Author:
Recipe type: Turkish Flat Breads
Cuisine: Turkish Cuisine
Serves: 8 - 10
Ingredients
  • 1 lb. / 450 gr all-purpose plain flour
  • ¼ oz. 7 gr dried yeast or ½ oz. / 15 gr fresh yeast
  • ½ tsp. sugar
  • 6 fl. oz. / 175 ml lukewarm water
  • 5 ml/ 1 tsp. salt
  • 30 ml/ 2 tbsp. thick yoghurt
  • 30 ml/ 2 tbsp. olive oil
  • 1 egg, beaten
  • 30 ml / 2 tbsp. nigella seeds or poppy seeds
  • 30 ml / 2 tbsp. sesame seeds
Instructions
  1. Preheat oven to 400 F / 200 C
  2. Cream the yeast with sugar in half of the lukewarm water, leave to froth.
  3. Sift the flour with the salt. Make a well in the middle and pour in the yeast, olive oil, yoghurt and the rest of the water. With using your hands, draw in the flour from the sides and work the mixture into a sticky dough. Add a little more water if necessary. Knead until the dough is smooth and leaves the sides of the bowl (drizzle a little oil in your hands to help shape the dough, if needed too).
  4. Continue to knead on a lightly floured surface until the dough is elastic and smooth. Roll it in the few drops of olive oil in the bowl, cover with a damp towel and leave to prove in a warm place for 1- 1 ½ hours or until doubled in size.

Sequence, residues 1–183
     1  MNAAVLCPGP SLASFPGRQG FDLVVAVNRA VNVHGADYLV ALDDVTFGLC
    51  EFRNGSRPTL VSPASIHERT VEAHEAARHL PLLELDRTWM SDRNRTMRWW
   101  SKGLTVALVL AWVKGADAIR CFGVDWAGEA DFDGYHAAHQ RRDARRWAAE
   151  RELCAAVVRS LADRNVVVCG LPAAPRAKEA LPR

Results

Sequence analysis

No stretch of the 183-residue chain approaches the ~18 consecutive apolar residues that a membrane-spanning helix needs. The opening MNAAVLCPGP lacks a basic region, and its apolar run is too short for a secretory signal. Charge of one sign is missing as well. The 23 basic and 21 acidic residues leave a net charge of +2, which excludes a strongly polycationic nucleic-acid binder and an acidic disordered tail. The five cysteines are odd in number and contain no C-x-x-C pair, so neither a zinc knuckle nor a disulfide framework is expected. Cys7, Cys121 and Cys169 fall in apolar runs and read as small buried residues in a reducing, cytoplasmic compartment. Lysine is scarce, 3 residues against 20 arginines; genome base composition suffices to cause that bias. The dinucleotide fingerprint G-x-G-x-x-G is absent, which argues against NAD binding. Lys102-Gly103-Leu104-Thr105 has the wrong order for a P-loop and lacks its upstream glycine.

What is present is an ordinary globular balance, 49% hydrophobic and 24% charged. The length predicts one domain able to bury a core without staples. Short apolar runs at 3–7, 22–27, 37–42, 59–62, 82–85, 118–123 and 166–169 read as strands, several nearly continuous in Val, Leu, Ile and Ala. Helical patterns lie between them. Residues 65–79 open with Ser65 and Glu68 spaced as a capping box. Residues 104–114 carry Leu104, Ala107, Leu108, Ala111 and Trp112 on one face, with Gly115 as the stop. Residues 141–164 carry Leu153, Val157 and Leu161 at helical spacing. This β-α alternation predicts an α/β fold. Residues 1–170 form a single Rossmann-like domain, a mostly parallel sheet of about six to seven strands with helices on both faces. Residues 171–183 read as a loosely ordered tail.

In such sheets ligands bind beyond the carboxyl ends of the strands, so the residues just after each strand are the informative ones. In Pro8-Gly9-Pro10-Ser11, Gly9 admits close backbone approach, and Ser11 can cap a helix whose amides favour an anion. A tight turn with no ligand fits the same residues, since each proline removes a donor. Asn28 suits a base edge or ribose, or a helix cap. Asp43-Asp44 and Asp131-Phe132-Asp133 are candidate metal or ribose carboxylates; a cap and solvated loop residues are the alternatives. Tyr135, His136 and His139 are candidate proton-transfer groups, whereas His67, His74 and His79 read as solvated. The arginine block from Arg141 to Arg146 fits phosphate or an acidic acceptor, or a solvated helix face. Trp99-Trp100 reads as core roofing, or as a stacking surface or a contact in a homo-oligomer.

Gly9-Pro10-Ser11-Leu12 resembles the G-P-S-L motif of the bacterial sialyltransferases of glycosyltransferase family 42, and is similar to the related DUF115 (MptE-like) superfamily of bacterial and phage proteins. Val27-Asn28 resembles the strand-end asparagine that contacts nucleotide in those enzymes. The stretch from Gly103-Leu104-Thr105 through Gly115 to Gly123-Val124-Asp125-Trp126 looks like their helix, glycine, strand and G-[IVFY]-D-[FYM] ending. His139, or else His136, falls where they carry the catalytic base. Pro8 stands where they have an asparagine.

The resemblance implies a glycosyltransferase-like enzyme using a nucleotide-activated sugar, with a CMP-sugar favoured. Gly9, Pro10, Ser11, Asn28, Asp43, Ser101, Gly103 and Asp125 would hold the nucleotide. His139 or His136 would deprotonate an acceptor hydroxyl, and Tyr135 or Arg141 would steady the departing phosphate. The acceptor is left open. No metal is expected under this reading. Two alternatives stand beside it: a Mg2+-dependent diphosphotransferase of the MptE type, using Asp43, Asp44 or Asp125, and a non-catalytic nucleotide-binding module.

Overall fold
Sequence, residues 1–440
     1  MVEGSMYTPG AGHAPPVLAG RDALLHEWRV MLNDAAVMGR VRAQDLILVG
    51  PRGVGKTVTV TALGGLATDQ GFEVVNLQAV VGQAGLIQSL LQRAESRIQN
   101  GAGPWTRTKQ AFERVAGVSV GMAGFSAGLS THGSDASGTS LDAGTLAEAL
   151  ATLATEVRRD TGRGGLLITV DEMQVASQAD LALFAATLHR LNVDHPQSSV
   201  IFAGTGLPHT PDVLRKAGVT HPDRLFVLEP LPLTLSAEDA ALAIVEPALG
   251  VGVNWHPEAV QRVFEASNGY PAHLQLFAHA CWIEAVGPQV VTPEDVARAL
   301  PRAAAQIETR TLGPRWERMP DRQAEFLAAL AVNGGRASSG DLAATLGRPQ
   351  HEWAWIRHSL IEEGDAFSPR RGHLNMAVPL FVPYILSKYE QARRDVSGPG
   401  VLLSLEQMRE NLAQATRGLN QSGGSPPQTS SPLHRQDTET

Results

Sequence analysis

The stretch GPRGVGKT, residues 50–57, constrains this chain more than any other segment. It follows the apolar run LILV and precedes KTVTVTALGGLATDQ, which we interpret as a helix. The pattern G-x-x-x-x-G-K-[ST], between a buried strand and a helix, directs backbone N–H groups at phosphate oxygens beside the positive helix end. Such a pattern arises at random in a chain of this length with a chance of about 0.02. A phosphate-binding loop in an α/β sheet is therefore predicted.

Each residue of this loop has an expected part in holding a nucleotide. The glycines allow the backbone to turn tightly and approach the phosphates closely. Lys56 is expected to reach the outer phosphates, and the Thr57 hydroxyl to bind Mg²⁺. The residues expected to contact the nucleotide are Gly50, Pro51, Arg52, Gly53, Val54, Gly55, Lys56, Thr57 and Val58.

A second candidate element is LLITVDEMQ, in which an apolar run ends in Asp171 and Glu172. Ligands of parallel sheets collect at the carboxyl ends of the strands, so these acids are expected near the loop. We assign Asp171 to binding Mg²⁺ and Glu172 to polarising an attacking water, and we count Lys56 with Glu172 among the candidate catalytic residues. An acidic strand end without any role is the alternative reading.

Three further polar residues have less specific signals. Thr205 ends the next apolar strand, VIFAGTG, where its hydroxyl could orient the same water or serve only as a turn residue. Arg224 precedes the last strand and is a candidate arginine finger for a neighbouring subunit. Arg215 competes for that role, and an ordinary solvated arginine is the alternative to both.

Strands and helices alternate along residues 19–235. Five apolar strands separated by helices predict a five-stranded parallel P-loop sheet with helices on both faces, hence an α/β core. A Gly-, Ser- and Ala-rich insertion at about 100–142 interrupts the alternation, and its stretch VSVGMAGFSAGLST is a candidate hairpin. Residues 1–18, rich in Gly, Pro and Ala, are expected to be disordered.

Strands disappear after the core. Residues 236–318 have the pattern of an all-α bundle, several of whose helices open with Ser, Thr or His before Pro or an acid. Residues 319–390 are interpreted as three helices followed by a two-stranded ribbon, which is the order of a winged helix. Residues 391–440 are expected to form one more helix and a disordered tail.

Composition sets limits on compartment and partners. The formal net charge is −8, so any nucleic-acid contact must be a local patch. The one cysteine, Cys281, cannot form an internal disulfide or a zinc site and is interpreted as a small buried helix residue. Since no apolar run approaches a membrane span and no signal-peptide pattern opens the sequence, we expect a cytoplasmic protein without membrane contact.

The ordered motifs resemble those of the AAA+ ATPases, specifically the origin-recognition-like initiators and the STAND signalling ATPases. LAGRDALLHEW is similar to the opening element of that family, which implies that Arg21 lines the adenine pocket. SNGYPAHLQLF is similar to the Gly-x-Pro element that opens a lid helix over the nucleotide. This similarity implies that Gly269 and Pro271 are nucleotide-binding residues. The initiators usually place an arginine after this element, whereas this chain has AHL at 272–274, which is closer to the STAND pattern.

5. Preheat 2 baking sheets.
  6. Once doubled, punch the dough down, knead again and divide it into two pieces. Knead each piece well. Flatten them out with the heel of your hand and stretch them into large, uneven rounds or ovals, creating thick lip around the edges. Indent the dough with your fingertips.
  7. Lightly oil two hot baking sheets and place them in the oven for 2 minutes. Place the pide on them and brush the pides with the beaten egg. Then sprinkle the nigella (or poppy) seeds and sesame seeds over the top.
  8. Bake the pides for 18 – 20 minutes, until lightly golden with a crisp crust around the edges. Transfer them to a wire rack. If you want them to retain their softness, wrap them in aluminum foil or in a dry towel while still warm.
Notes
To keep the pides soft and warm, place a dry towel over them when fresh out of the oven. You can also reheat them before eating; just sprinkle them with water and place in a hot oven (180 C/ 350 F) for a few minutes.